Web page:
The committee was the end of a process, actually; we had several forums and focus groups. We talked to all the people who were already doing work with regard to alcohol use on campus, both scientific work and also counseling, and we got a lot of input and asked the committee to consider much of this input, consider the existing scientific literature and the existing prevention and treatment literature and come up with some recommendations.

Q. And were these findings surprising?
No, they certainly didn't surprise me. I think the committee did a wonderful job of integrating the information and making a series of very well-grounded substantive suggestions. There is no single solution to this and I think we all recognize that, and that's one of the reasons we're struggling to come up with a kind of textured, integrated, careful, non-punitive approach to what is a really serious issue.

Q. An approach suggested by the committee calls for "changing the culture of acceptance for excessive drinking" on campus. What does this approach entail?
Their judgment, and I think this is accurate, being a social scientist myself, and particularly someone who has spent a career in studying health-damaging and health-promoting behavior, is that individual behavior exists within a social fabric - a culture and a society.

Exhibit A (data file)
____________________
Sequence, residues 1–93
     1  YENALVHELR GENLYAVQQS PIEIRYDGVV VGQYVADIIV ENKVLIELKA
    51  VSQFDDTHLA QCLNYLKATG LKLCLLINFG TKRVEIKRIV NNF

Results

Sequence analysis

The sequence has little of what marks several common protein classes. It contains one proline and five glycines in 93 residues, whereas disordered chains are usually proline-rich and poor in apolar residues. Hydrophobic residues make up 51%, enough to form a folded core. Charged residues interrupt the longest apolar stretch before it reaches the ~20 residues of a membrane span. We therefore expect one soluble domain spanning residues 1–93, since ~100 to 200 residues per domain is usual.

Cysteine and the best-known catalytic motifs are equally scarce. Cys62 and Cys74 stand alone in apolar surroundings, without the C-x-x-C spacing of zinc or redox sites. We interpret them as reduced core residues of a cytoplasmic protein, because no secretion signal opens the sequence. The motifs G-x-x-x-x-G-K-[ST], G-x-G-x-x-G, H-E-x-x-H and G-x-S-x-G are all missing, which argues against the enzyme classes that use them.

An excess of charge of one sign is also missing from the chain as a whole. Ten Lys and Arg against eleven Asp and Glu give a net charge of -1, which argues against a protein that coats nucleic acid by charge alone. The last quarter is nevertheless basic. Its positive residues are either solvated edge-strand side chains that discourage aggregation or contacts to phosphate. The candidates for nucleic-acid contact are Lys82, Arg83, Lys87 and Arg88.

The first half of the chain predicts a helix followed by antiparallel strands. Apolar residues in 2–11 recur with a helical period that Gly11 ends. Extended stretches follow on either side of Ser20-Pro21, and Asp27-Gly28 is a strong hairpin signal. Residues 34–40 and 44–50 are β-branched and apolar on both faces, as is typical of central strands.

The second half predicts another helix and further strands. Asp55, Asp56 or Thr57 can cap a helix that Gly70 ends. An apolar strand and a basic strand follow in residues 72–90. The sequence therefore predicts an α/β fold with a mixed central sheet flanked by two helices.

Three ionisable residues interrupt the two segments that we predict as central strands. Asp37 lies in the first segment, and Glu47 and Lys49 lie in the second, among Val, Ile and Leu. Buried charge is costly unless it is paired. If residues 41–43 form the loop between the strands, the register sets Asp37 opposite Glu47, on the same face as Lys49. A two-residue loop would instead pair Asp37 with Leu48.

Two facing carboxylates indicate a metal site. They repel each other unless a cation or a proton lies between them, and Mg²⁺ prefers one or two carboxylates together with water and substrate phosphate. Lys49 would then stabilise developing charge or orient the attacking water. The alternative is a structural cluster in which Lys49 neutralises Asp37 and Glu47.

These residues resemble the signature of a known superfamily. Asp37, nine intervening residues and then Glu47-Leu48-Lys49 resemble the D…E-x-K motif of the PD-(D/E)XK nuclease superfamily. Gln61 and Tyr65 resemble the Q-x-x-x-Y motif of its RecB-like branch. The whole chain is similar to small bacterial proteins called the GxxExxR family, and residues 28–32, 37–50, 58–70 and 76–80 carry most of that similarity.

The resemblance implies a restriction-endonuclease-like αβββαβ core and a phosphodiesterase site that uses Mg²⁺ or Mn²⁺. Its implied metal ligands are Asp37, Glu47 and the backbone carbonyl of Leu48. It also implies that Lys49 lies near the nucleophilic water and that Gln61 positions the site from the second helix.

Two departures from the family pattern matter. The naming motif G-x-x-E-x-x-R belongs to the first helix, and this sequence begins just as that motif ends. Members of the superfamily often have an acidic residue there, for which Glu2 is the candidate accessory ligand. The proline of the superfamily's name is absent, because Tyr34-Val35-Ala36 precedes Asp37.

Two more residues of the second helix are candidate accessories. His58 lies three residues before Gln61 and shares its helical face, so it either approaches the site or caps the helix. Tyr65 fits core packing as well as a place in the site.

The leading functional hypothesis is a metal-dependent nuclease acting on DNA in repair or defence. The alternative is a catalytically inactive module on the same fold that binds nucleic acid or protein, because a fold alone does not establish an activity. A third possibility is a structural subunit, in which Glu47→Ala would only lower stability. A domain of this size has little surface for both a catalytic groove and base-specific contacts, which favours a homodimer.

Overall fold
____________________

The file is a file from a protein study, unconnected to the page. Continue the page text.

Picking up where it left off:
The culture of college campuses, in general, and the culture of Penn as one of those campuses, accepts alcohol use as normative. It accepts alcohol use as social life. And, it promotes the view that if you don't drink, you can't have as much fun.
   They are recommending that we need to change that culture and the first step of that is to change the perception that everyone drinks, because it isn't true. There are lots of ways to have fun on campus without drinking and we need to help create more of those options, which was one of the recommendations of the committee and which we have been implementing.